Sunderland boss rues Premier League 'monster'
Mon 12th Jul 2010 | Club & Country Competitions
Sunderland boss Steve Bruce has spoken out at the lack of home-grown talent breaking through into the "monster" the Barclays Premier League has become.
Bruce is not optimistic for the future as the inquest over England's disastrous World Cup campaign gets into full swing and questions are asked about where the next generation of international stars will come from.
The Sunderland boss who was able to bring through teenager midfielder Jordan Henderson last season, has high hopes for Martyn Waghorn and Jack Colback, who thrived on loan at Championship Leicester and Ipswich respectively last season.
However, he knows that the Premier League presents an entirely different challenge, and he is concerned about the lack of talent emerging from the ranks around the country.
"Waghorn and Colback, this is a big year for them. They will definitely make a living in the game, they have proved that playing in the Championship said Bruce on football365
"But as we know, the Premier League is a hugely different ball game, and that's where the problem is.
"We have created a monster with this Premier League. It's a fantastic league, a very good league, but to actually bring people through, it has been difficult.
"We are a victim of our own success in the Premier League. Me, for example, as a manager, I am scouring South America or Europe or whatever because we need them today to go and play.
"I would love to go and sign a 20-year-old from Bury or Rochdale or anywhere, I would love to sign a young English player.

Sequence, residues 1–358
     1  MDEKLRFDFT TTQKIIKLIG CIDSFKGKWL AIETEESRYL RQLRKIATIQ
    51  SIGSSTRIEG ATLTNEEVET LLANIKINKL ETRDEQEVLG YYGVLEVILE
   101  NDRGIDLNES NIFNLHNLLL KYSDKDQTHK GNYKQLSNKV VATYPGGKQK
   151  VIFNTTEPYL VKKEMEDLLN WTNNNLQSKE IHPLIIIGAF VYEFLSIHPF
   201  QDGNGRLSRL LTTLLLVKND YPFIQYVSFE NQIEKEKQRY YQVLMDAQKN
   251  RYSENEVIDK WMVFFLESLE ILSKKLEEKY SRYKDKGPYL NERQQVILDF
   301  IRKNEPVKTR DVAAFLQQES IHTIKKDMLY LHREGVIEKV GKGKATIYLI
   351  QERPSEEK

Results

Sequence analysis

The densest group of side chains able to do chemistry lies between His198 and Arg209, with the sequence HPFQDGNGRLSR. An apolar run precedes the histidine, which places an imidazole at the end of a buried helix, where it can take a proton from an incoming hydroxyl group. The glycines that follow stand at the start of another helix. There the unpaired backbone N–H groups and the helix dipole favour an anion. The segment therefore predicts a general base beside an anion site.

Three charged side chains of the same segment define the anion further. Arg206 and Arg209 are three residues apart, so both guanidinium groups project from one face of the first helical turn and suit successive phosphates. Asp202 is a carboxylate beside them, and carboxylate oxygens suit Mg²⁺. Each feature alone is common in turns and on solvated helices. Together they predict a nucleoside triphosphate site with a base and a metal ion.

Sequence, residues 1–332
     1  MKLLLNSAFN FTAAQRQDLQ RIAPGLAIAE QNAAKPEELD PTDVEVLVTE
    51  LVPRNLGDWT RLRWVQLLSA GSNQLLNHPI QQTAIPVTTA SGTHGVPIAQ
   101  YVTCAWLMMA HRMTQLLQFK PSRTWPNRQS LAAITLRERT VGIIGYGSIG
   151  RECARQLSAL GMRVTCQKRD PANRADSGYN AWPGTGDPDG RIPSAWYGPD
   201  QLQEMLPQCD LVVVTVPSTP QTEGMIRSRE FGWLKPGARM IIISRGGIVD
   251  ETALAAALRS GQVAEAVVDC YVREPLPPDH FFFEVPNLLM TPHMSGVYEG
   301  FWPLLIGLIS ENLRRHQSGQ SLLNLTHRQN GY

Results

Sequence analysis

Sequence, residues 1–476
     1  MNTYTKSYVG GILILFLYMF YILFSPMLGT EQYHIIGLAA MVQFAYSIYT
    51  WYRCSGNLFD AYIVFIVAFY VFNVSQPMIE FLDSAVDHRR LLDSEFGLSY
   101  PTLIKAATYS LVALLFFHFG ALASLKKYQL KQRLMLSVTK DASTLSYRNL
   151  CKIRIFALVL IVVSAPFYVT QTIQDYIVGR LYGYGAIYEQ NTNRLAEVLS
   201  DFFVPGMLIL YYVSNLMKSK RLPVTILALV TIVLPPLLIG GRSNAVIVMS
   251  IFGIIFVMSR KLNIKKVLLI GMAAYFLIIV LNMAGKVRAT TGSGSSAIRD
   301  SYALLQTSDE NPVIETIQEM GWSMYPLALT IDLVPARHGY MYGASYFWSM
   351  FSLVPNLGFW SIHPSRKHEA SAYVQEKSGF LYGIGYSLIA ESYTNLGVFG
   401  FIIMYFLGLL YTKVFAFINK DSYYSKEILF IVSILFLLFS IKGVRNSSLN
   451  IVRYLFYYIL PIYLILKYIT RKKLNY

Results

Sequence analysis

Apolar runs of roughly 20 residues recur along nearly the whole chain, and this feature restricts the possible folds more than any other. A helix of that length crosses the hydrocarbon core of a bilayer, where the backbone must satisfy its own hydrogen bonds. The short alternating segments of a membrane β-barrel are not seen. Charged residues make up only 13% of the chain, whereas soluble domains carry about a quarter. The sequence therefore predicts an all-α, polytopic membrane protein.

"But unfortunately, we are not producing them and there have to be big questions asked of why, in our society, we are not producing them when we have got something like 42, 43 Academies in this country from eight to 16.
"We are simply not producing the quality of player that we used to produce. That's the debate."
Bruce was a player at Manchester United as Sir Alex Ferguson's golden generation of Ryan Giggs, David Beckham, Paul Scholes, Nicky Butt and the Neville brothers broke through to make it all the way to the top.
The Sunderland boss admits it was a "fluke" to get so many top-class players through in such a short space of time, and believes the problem could in part lie in the changing nature of today's society.
He said: "We produced them [at United], but I don't think we are producing them like we used to.
"I'll give you an example: when do you see kids playing in a field any more with two jumpers down and playing with a football? You never see it.
"They are at home with computers, iPods, iPhones, g-pods or whatever they call them, and the kids don't play anymore.
"That, to me, is one of the reasons as well. There are a whole load of issues, but we are certainly not producing footballers like we used to."
In the short-term, Bruce is continuing his search for new recruits, and is hopeful of adding further signings.
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